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A Ph.D.

Statement of the Purpose

BY Melese Ejara
Email :malasaejara2017@gmail.com
Submitted to Graduated Committee
August 22, 2019
I am writing this statement of purpose to apply for a Ph.D. program in History at Addis Ababa
University. I earned my Bachelor of Arts (BA) degree in History from Wollega University in
June 2015. Soon after that, I started pursuing my postgraduate studies at Jimma University and
graduated with an MA in History in June 2017. My MA thesis is titled “Land Tenure System in
Selale, North Shewa, and 1941-1991.”
Now, I am an instructor at Mekdela Amba University, South Wollo. In addition to teaching and
conducting research, I also have been serving as Head of the Department of History and Heritage
Management since September 2017. I am enthusiastic to pursue doctoral studies in History at
this pioneering and prestigious University in Ethiopia. This is because obtaining a Ph.D. in
History would allow me to be conversant with the historian’s craft at the highest level which also
would enable me to be a competent instructor, a good researcher and advisor of both under and
postgraduate students.
Pertaining to the area of interest for my dissertation, I have been contemplating to conduct my
terminal degree research on “Land and An Agrarian History of Selale, North Shawa since
1941.’’The present topic came to my attention five years ago while I was an undergraduate
student at Wollega University. At that time, I came to recognize that sufficient attention was not
given to the land and agricultural history of Selale as an academic pursuit. Moreover, while I
produced my MA thesis, I have the chance to become better acquainted with the land tenure
system. Hence, I strongly believe and confident that the proposed Ph.D. dissertation will advance
the horizon of our knowledge pertaining to the impact of land tenure on agrarian development,
collectivization of farms, disputes, and litigations over land ownership and women’s access to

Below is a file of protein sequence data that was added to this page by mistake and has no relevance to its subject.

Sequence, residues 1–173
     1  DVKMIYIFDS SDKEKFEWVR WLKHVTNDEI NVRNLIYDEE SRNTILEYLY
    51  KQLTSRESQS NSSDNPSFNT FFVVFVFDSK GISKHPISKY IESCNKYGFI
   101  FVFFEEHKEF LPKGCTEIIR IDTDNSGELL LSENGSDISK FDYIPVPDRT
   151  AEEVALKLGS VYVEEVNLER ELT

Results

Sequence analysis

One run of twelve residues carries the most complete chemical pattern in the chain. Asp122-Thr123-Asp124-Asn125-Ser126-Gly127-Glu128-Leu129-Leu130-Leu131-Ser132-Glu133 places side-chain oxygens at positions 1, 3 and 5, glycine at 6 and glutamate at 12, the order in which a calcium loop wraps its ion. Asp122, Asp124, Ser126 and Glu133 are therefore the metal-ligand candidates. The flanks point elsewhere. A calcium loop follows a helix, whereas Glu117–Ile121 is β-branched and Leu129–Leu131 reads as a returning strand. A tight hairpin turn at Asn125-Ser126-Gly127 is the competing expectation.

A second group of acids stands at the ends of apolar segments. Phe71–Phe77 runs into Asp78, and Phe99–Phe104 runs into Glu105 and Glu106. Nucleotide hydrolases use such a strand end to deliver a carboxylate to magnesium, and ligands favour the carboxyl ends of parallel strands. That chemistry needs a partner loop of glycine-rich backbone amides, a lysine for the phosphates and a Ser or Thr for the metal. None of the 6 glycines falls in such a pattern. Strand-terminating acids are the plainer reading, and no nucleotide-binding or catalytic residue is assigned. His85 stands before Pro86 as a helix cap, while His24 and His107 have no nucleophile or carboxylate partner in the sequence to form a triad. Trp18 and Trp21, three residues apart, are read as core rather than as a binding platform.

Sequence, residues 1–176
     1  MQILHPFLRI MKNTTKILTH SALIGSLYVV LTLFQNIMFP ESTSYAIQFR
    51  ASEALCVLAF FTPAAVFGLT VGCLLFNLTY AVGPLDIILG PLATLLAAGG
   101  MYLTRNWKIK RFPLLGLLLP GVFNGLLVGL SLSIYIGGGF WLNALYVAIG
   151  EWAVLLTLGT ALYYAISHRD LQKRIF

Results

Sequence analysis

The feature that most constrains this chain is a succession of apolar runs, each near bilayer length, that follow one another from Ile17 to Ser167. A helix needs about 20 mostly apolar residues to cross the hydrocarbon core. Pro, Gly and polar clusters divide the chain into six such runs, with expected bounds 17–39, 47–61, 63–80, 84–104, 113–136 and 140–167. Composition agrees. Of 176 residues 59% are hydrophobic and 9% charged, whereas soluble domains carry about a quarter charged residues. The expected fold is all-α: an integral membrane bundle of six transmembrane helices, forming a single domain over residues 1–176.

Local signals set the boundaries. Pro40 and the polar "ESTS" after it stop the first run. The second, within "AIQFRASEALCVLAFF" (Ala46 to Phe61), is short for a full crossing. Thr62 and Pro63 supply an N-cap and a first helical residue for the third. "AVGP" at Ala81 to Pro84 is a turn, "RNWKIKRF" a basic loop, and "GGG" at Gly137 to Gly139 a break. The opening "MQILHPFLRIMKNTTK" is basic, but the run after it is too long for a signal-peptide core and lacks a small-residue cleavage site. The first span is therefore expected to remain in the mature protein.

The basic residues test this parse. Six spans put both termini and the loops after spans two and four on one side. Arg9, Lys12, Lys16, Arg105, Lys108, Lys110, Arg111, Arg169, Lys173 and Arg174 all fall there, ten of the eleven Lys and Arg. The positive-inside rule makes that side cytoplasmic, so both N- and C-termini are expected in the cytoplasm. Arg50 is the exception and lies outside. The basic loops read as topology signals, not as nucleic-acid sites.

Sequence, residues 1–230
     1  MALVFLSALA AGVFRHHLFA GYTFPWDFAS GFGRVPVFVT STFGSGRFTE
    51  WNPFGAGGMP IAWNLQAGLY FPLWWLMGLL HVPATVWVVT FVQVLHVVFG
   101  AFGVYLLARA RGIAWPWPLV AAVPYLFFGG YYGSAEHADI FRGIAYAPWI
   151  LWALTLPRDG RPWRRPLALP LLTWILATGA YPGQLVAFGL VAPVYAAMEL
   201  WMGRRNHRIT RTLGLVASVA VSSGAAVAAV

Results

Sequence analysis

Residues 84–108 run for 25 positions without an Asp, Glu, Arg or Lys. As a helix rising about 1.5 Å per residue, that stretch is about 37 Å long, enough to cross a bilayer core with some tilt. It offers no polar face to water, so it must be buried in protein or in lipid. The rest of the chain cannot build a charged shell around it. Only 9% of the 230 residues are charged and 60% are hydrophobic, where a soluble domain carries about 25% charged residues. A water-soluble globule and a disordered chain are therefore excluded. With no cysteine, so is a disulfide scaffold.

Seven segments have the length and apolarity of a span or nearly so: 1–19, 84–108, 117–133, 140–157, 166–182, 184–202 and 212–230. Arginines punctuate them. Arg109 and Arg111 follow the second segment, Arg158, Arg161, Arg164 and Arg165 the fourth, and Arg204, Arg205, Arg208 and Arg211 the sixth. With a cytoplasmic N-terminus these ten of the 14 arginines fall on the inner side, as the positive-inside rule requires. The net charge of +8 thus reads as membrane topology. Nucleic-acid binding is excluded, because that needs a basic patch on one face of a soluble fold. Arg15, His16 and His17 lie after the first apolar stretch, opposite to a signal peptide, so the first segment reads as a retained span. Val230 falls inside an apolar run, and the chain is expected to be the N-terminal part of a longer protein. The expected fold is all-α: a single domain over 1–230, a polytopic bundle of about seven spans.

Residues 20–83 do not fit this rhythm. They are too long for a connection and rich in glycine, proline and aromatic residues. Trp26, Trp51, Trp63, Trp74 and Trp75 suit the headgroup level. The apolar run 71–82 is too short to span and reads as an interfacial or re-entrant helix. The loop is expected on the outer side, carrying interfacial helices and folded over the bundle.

land. In addition, it will advance the prospect of our knowledge relating the expansion of tenancy
which led to the eviction of a considerable number of peasants, and of course the responses of
peasants to the tenancy system especially through rich oral songs which often have been
considered as the hallmarks this specific locality.
I have been well informed about the proposed topic and area in general. I have been acquainted
with the existing literature and sources including of course the rich corpus of oral history. In line
with this, I read the works of different writers, mainly from the fields of History. To mention but
a few of them, the work of Bairu Tafla entitled “some Aspects of Land-Tenure and Taxation in
Selale under Ras Daarge 1871-1900,” published in the Journal of Ethiopian Studies. Bairu made
an immense contribution to the history of land tenure in Ethiopia in general and Selale area in
particular. However, this journal article mainly focuses on the period before 1900. Relatively the
most important scholarly work that we have to date on the history of Selale area is an MA thesis
produced by Tsegaye Zeleke (a graduate of Addis Ababa University) titled “The Oromo of
Selale, A History, ca. 1840 -1936…” Apparently, Tsegaye thesis is lucid and important; yet
again most of his discussions focus on the political history of Selale beginning from 1840 to the
coming of the Italians. Another scholarly work, which is relevant for my proposed thesis, is H. S.
Mann’s monograph titled Land Tenure in Chore (Shoa): A Pilot Study, Monographs in
Ethiopian Land Tenure. H. S. Mann demonstrates the classification of land tax and how this was
associated with taxation in Selale awuraja. However, Mann did not discuss in detail how land
tenure was associated with the socio-economy live of the society. Nevertheless, the
aforementioned scholarly works would immensely help me to reconstruct a background history
of the area under consideration. Hence, an attempt will be made to reconstruct and fill the
existing research gap by documenting “Land and An Agrarian History of Selale, North Shawa